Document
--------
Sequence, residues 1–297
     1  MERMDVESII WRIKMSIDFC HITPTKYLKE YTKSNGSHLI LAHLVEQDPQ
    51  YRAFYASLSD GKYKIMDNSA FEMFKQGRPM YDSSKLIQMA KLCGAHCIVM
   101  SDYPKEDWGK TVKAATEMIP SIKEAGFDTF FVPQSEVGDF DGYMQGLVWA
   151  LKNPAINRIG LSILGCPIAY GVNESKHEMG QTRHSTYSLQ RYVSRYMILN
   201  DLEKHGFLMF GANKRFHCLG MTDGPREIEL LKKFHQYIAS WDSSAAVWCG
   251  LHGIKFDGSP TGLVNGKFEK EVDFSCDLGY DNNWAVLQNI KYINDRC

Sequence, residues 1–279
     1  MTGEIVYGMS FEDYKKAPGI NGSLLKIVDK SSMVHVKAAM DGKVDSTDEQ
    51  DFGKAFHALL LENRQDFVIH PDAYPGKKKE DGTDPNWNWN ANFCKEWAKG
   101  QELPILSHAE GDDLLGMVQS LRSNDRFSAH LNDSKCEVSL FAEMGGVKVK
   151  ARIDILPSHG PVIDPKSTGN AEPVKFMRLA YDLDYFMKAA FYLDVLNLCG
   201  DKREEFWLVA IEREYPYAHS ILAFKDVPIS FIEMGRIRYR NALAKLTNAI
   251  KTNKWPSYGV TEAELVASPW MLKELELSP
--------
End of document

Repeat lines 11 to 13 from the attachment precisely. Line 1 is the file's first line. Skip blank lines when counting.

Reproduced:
   101  QELPILSHAE GDDLLGMVQS LRSNDRFSAH LNDSKCEVSL FAEMGGVKVK
   151  ARIDILPSHG PVIDPKSTGN AEPVKFMRLA YDLDYFMKAA FYLDVLNLCG
   201  DKREEFWLVA IEREYPYAHS ILAFKDVPIS FIEMGRIRYR NALAKLTNAI